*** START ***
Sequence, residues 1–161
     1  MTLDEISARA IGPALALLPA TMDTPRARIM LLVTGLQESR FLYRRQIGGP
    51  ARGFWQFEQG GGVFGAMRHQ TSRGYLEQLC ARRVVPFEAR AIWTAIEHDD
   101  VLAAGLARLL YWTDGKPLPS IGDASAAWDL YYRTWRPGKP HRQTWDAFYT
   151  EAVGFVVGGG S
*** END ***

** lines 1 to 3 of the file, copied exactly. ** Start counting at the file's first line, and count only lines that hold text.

Sequence, residues 1–161
     1  MTLDEISARA IGPALALLPA TMDTPRARIM LLVTGLQESR FLYRRQIGGP
    51  ARGFWQFEQG GGVFGAMRHQ TSRGYLEQLC ARRVVPFEAR AIWTAIEHDD